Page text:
Hi Angela, and thank you for hosting me on your blog!
You're very welcome Jennifer, so what is this all about?
Today, 22nd August, is the 531st anniversary of one of the most decisive battles in British history – the Battle of Bosworth. It ended, in just a few hours, the Wars of the Roses and the Plantagenet Dynasty, and marked the start of one of our most notorious dynasties – the Tudors, starting with Henry VII.
So, you might (fairly) ask – how does this link with Angela’s current theme of travel and living in a foreign country?
Well, monarchs have always been amongst the most travelled people, whether acknowledging or rewarding their loyal subjects, over-seeing their widespread houses and lands, invading to try and expand said lands, or, in the case of Richard III, heading into exile.
If we’re being pedantic, Richard wasn’t king whilst in exile, ‘merely’ Duke of Gloucester, but between October 1470 and March 1471, he escaped England with his brother, Edward IV, having just evaded capture by the Earl of Warwick’s forces. During this time, Richard spent time in Veere, now a picturesque town, with sadly little left of what Richard would have seen during his visit, but one street is still named Warwijcksestraat, after a gate which was built in fear that Warwick would invade, looking for Plantagenet prey. Richard subsequently travelled to The Hague, even then a centre of international politics.
Richard subsequently travelled throughout England in his various roles, and even invaded Scotland in support of his brother, but his last journey abroad was as part of Edward’s invasion of France in 1475. Richard’s was the largest private contingent which took part, and he was with Edward during negotiations with the French king, Louis XI.
Time abroad, or travelling in general, has always been seen as an education. Unfortunately for Richard, one man had fourteen years of such education: Henry Tudor. Fourteen years of brooding, plotting and waiting for a chance to strike; on 22nd August 1485, the two men met in battle. And sadly (from my perspective, at least), we all know how it ended for Richard Plantagenet.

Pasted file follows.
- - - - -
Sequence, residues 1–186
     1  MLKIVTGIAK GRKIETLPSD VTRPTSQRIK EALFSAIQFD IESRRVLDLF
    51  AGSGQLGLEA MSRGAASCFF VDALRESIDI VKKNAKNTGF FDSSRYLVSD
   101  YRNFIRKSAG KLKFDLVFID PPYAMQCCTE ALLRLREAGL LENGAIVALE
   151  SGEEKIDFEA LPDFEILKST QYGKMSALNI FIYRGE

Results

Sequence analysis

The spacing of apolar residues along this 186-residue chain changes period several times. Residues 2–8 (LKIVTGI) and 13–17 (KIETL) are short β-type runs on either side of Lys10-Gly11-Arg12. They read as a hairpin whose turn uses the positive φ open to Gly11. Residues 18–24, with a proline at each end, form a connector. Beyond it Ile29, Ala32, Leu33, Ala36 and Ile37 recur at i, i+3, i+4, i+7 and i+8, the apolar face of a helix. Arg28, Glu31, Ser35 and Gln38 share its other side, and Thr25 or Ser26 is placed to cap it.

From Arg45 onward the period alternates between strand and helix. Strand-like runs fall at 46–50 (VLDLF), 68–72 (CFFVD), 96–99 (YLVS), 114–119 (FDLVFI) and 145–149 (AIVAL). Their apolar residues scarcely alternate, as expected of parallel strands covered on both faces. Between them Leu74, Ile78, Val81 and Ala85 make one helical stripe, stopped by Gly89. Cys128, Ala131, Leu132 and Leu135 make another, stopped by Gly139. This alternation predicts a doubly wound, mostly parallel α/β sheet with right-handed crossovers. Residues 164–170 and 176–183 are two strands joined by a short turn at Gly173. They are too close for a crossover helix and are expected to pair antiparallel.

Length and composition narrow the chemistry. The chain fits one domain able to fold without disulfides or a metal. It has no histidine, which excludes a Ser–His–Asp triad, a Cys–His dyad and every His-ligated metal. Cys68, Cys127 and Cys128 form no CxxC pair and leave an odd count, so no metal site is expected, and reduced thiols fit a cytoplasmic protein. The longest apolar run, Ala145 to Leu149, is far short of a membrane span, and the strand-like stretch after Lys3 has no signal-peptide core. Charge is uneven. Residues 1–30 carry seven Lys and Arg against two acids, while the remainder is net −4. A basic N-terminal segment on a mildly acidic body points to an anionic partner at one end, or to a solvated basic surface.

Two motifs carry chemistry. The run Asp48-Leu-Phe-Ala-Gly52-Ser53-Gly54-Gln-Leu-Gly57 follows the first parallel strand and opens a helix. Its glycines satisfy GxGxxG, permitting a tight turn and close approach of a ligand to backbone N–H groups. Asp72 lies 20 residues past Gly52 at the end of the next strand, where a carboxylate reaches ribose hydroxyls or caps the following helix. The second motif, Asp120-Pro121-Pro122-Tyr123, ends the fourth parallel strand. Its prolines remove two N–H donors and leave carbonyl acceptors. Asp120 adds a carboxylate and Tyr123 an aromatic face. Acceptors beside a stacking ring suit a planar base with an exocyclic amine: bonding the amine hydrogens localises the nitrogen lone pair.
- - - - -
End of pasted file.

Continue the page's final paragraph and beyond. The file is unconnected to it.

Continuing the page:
But still, Britain loves nothing more than an underdog, and of the two, Richard III is by far the better known, and certainly the one who has captured the public’s imagination, especially since his re-interment in Leicester. He definitely captured mine, inspiring Kindred Spirits: Tower of London, and my current work-in-progress.Therefore, on this, the 531st anniversary of his death, spare a thought (and raise a glass) to Richard III!
About the author : Jennifer is a marine biologist by training, who developed an equal passion for
history whilst stalking Mary, Queen of Scots of childhood holidays (she has since moved on to Richard III). She completed her BSc and MSc at the University of Hull, and has worked as a marine environmental consultant since graduating.
Enrolling on an adult education workshop on her return to the north-east reignited Jennifer’s pastime of creative writing, and she has been filling notebooks ever since. In 2014, Jennifer won the Story Tyne short story competition, and also continues to work on developing her poetic voice, reading at a number of events, and with several pieces available online. Her debut novel Kindred Spirits: Tower of London was published by Crooked Cat Publishing in October 2015.